at Abbeville on the 9th of October. The bridegroom was a broken man of ifty-two; the bride a beautiful, well-educated and charming girl of eighteen, whose heart was already engaged to Charles Brandon, duke of Suffolk, her future husband. The political marriage was, however, no long one. Mary was crowned queen of France on the 5th of November 1514; on the first of January following King Louis died. Mary had only been induced to consent to the marriage with Louis by the promise that, on his death, she should be allowed to marry the man of her choice. But there was danger that the agreement would not be kept. In France the dukes of Lorraine and Savoy were mentioned as possible suitors, and meanwhile the new king, Francis I., was making advances to her, and only desisted when she confessed to him her previous attachment to Suffolk. The duke himself was at the head of the embassy which came from England to congratulate the new king, and to the detriment of his political mission he used the opportunity to win the hand of the queen. Francis good-naturedly promised to use his influence in his favour; Henry VIII. himself was not averse to the match, but Mary feared the opposition of the lords of the council, and, in spite of Suffolk's promise to the king not to take any steps in the matter until after his return, she persuaded him to marry her secretly before he left Paris. On their return to England in April, Suffolk was for a while in serious danger from the king's indignation, but was ultimately pardoned through Wolsey's intercession, on payment of a heavy fine and the surrender of all the queen's jewels and plate. The marriage was publicly solemnized at Greenwich on the 13th of May 1 515. Suffolk had been already twice married, and his first wife was still alive. He thought it necessary later on (1528) to obtain a bull from Pope Clement VII. declaring his marriage with his first wife invalid and his union with Mary therefore canonical. Mary's life after this was comparatively uneventful. She lived mainly in the retirement of the country, but shared from time to time in the festivities of the court, and was present at the Field of the Cloth of Gold. She died on the 24th of June 1533. By the duke of Suffolk she had three children: Henry, born on the 11th of March 1516, created earl of Lincoln (1525), who died young; Frances, born on the 16th of July 1517, the wife of Henry Grey, marquess of Northampton, and mother of Lady Iane Grey (q.v.); and Eleanor.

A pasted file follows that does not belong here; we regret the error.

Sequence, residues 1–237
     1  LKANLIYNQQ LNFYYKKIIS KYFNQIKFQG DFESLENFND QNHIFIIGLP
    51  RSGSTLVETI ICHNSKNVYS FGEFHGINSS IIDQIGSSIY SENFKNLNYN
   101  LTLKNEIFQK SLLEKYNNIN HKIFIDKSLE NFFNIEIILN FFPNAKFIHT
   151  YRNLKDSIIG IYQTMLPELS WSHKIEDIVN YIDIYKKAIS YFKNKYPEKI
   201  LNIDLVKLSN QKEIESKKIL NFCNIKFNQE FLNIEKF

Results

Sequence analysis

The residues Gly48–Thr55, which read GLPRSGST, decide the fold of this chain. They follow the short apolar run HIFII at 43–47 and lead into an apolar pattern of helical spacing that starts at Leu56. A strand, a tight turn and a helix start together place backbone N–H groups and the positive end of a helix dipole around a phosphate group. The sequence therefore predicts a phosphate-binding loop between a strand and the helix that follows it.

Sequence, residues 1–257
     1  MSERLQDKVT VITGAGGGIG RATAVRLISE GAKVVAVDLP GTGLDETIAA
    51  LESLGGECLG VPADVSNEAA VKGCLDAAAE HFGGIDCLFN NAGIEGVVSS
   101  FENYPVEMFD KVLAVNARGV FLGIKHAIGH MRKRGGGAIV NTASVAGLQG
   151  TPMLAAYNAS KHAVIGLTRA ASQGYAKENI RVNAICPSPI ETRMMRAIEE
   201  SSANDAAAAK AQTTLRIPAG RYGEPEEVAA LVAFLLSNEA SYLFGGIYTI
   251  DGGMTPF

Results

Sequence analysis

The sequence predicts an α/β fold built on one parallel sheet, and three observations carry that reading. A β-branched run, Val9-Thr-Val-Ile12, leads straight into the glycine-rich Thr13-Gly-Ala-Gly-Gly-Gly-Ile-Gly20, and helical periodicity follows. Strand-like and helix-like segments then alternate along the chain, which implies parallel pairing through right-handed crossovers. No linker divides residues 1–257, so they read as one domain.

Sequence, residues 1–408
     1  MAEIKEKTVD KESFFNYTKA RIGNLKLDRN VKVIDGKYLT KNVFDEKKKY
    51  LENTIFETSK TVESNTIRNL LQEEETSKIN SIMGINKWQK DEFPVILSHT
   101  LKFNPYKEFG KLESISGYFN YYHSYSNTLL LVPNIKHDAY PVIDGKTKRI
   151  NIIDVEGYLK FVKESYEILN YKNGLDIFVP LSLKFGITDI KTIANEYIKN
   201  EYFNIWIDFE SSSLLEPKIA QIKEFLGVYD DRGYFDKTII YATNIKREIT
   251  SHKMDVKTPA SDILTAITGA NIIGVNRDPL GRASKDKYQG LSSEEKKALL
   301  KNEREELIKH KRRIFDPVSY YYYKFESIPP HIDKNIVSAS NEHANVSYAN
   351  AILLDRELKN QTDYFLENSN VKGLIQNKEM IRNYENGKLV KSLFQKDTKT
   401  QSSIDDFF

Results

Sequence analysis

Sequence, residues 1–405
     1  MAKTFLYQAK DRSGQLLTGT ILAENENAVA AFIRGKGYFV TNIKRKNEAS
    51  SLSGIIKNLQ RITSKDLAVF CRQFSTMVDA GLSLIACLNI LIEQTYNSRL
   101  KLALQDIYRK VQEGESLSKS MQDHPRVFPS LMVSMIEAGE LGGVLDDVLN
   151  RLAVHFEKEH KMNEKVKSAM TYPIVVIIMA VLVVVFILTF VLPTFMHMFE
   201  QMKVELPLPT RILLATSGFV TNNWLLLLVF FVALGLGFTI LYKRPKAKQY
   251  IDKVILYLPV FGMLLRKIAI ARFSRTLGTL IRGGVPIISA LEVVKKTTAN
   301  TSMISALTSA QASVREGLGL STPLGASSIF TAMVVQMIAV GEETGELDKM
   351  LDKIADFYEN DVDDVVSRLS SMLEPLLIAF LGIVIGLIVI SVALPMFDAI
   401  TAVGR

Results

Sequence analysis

See Letlres de Louis XII. et du cardinal Géorges d'Amboise (Brussels, 1712); Letters and Papers of Henry VIII. (Cal. State Pap.); M. A. E. Green, Lives of the Princesses of England (vol. v., 1849>-1855); Life by James Gairdner in Dict. Nat. Biog.;